IS YOUR FAITH HEALTHY?
What is healthy faith, anyway, and who am I to judge it? As a psychologist, I can tell when people’s religious beliefs and lifestyles are enabling them to enjoy life, be enjoyable to others, and leave the world a better place each day. No matter what a person’s religious faith or denomination, most would agree this is healthy.
For defining sick and healthy religious or spiritual faith, an excellent book was written some years ago by a counselor Steve Arterburn and a pastor Jack Felton, called Toxic Faith. I really like their final chapter, “Seventeen Characteristics of Healthy Faith”. Here they are:
- Focused on God: trying to tune ourselves into harmony with God rather than getting God to meet our needs.
- Growing: “healthy faith grows and matures over time.” Every living thing grows, and faith that doesn’t evolve its beliefs and practices is practically dead.
- Respectful: it’s good to believe and remember that all human beings are capable of inspiration and personal growth.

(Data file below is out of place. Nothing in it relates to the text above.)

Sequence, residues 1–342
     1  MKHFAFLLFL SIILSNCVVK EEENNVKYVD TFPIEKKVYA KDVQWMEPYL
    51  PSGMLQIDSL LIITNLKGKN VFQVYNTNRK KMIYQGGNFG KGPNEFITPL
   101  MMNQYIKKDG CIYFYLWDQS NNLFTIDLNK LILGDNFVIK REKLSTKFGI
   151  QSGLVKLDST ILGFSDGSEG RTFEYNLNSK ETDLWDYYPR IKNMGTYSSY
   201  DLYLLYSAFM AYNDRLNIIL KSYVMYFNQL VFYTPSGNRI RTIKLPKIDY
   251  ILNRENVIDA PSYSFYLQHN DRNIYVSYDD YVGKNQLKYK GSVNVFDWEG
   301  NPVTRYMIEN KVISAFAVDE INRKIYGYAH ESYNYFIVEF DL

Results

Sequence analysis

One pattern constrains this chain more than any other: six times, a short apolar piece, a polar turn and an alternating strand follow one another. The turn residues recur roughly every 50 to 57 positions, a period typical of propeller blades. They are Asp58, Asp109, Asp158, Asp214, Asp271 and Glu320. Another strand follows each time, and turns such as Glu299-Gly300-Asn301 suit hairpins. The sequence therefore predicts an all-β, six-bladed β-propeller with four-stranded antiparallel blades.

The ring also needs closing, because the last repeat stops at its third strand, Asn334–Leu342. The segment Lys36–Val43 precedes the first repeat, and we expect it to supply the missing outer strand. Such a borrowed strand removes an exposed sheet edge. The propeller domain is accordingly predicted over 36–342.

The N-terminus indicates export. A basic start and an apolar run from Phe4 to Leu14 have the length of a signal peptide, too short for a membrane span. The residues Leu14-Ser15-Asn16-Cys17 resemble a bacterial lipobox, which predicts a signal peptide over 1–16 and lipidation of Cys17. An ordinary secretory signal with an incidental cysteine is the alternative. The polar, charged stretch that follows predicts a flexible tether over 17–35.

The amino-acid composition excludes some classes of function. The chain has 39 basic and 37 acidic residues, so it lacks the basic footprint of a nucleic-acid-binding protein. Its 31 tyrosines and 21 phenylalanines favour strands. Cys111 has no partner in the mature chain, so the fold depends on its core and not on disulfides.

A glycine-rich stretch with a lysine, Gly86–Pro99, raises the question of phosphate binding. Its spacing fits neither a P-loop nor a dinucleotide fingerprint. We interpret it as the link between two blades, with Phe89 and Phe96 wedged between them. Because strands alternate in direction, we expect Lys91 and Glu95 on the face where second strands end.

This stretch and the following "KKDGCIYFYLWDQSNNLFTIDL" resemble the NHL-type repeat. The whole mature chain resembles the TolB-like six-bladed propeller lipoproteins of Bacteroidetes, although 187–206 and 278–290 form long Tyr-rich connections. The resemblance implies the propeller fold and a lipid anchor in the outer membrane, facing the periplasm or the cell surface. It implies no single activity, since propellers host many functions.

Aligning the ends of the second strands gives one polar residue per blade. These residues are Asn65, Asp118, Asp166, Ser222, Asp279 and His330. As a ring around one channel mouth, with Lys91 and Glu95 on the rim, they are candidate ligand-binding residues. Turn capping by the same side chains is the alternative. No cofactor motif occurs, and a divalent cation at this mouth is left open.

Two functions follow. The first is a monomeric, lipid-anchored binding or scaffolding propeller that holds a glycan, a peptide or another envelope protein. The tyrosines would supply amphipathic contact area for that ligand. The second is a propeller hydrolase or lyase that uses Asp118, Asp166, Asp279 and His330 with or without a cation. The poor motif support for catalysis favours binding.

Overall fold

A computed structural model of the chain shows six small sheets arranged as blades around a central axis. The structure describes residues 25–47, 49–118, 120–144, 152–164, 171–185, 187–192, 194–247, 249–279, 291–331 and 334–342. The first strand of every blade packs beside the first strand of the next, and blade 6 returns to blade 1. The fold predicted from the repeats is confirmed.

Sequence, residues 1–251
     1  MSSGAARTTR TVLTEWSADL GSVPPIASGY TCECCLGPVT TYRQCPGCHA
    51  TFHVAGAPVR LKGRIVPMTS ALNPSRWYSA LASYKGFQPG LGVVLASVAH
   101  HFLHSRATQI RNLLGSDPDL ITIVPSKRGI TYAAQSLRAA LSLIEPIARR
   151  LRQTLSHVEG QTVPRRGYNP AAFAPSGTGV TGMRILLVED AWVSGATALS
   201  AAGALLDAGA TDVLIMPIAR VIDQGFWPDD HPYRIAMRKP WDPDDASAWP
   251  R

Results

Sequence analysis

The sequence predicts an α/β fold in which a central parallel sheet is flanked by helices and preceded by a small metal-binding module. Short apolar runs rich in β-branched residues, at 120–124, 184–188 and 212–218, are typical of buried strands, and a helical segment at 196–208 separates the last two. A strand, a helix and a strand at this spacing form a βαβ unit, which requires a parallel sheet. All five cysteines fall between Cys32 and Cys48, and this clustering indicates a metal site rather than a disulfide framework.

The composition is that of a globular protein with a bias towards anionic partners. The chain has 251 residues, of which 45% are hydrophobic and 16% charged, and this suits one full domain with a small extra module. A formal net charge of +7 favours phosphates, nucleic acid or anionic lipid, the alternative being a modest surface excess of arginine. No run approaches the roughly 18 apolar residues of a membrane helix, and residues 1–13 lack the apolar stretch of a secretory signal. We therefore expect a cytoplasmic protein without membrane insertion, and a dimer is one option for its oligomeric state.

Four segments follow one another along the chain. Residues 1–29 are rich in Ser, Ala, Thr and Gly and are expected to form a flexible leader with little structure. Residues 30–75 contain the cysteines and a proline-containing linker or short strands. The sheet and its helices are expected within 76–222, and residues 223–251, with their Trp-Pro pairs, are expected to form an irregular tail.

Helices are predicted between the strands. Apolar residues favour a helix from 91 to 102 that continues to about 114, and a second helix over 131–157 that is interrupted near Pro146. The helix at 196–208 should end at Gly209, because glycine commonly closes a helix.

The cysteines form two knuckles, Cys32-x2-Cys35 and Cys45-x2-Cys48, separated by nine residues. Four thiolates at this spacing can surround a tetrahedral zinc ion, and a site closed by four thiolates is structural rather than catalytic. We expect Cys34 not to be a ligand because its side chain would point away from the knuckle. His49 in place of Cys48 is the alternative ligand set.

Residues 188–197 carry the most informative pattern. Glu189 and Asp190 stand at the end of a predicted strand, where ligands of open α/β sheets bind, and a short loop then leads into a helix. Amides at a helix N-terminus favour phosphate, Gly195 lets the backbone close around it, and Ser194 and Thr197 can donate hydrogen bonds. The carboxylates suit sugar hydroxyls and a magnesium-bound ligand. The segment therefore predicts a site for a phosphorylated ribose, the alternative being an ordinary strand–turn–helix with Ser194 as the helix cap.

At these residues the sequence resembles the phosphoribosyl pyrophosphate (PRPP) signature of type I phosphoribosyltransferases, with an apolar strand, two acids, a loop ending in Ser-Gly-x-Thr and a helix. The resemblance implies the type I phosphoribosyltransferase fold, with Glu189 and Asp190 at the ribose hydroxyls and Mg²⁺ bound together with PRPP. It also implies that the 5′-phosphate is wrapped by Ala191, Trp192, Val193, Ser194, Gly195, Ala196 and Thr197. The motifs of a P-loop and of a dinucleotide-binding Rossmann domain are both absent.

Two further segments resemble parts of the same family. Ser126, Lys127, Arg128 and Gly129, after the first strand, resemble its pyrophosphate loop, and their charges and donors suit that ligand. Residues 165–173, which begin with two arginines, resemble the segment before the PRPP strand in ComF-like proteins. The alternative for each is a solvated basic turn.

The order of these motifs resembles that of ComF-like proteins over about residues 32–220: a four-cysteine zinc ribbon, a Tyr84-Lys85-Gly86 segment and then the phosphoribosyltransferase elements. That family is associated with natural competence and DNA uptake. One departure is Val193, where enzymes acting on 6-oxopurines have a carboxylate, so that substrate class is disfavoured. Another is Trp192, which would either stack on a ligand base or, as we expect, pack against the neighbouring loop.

- Free to Serve: believing that we don’t have to work for the welfare of others, but that we freely choose to do so, with our hearts in it.
- Self-worthy: we see ourselves as having a high inherent value, bestowed upon us by God.
- Vulnerable: “being real”, and therefore open to feeling the very human heartaches of rejection, failure and loss.
- Trusting: the authors urge us to trust ourselves with other people, trust ourselves with God, and trust God with ourselves.
- Individualized: celebrating that God gave each of us unique talents and opportunities, so that we strive to be a unique expression of God’s ways.
- Relationship Oriented: the focus is on relationships more than rules, on getting along with God and others vs. seeing oneself as an independent individual.
- Personal: if we believe there’s a personal God seeking a personal relationship with each human being, then God’s word to each of us is personal.